6. Don’t guilt an autistic person into attending something, even if you’ve made specific accommodations on their behalf. Like any other person, sometimes, we just don’t show up. Maybe we’re tired, anxious, out of spoons, need a different accommodation, or have reasons unrelated to you. Don’t make us feel bad that you provided for us; in fact, making a big deal about your accommodation effort puts unnecessary pressure on others and can signal that you aren’t interested in being an autistic ally unless you’re getting recognized for your “benevolence.” Plus, even if your friend doesn’t attend, there may be another autistic person in your audience who still appreciates the safer space nonetheless.
  7. Autistic people can have specific clothing needs. This is largely due to sensory issues with fabrics, cuts, and breathability but can also be attributed to other things. If you notice an autistic person wearing what you think is unusual clothing or shoes, don’t give them flak for it. If you manage performing artists for shows, consider offering lenient costume options or being open to accommodating those with clothing-related sensory issues. It could be as simple as allowing a different fabric, a looser-fitting option, or a sweater. I’ve written about my own clothing specifics several times.
  8. We don’t want to hear about a cure. Don’t talk to us about curing autism or supporting research that cures autism. Also, keep in mind that ABA (Applied Behavior Analysis) therapy is very controversial in the autistic community. Many of us do not support it and/or have been damaged by it. If you’re interested in treating symptoms associated with autism, first try changing your environment to make it more accomodating for autistic folks. I’ve written more on that subject here.
  9. Avoid using functioning-labels like “high-functioning” or “low-functioning.” While some autistic people use them, this is also a point of controversy in the autistic community. The short explanation is that these are judgments from the perspective of neurotypicals, autistic people contain various combinations of supposedly “high” and “low”-functioning abilities, this all creates a hierarchical divide in the autistic community, and it leads to self-described “high-functioning autistics” excluding so-called “low-functioning autistics.” If you’re trying to refer to an autistic person’s capabilities for the purpose of planning something more accurately and safely, just be specific about what you need (i.e. “autistic folks who can drive” or “autistic people who don’t require supervision in a public place”). But if you’re allistic, just let us handle this mess within our community; you should avoid the terms altogether.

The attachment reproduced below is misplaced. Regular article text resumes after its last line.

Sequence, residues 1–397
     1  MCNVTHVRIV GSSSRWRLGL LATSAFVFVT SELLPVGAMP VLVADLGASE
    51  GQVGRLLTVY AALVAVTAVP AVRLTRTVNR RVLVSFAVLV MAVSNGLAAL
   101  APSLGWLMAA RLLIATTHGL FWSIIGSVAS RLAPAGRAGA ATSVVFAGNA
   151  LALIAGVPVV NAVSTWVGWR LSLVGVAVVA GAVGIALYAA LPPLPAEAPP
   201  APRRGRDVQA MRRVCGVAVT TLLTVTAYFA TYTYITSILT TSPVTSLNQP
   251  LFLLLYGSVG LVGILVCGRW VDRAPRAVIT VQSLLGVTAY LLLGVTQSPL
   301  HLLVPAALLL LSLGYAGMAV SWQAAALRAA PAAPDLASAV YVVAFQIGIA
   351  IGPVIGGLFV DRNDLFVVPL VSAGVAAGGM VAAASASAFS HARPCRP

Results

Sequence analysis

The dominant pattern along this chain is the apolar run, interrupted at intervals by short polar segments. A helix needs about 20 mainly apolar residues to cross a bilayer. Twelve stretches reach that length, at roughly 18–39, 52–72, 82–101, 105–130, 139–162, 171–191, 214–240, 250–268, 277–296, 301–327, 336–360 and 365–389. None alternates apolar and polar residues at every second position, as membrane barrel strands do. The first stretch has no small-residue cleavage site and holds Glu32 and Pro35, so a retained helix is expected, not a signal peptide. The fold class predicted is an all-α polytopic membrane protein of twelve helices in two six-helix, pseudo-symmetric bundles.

10. Ask before touching. This includes handshakes, hugs, and good-natured pats on the shoulder.
  11. The pattern of opposite extremes among autistic people is truly a grand irony. This irony, which we’ve covered in previous parts of this series, refers to the fact that various autistic people have vastly different — if not outright opposite — needs. For example, one autistic person may have an extreme aversion to heat, while another has an extreme aversion to cold. Moreover, these needs are often not consistent within the same person. For example, I detest being touched most of the time but also crave deep, extreme pressure in other instances. If you’d like even more specific examples, check out this post from Lydia X.Z. Brown’s Autistic Hoya blog; it’s the best articulation of the phenomenon that I’ve read so far.
  12. Don’t expect us to be prepared. An allistic person once asked if I could make a list of helpful compensatory aids to distribute to fellow autistic people — along with specific brand recommendations and costs — so that we could start better providing for ourselves. Their explanation was that “most places cannot be accommodating of all special needs groups” and that “preparation on both sides is key.” A lot of this is true! It’s impossible for a place to be 100% accessible for everyone, and of course, self-planning can help. But this is not an inclusive notion to operate under, for many reasons. First, many autistic people cannot afford a plethora of ideal aids, especially if they are high-quality. I’ve seen the length of the waitlists for weighted blanket donations. Second, not everyone has the executive functioning capabilities, physical ability, or space to obtain, manage, remember, and hold onto all of the things they need. If I carried all of the things that made me comfortable at events, I would need a suitcase. Thus, if I know in advance that, say, temperature won’t be a problem and noise won’t be an issue, then I can leave my blanket and fancy headphone case at home. Another thing: Autistic people may not recognize or know how to name their triggers or needs; they may only recognize that they are feeling bad. And finally, autistic people already do swap information, try different solutions, and put a huge amount of pressure on themselves. Accessible spaces are still necessary.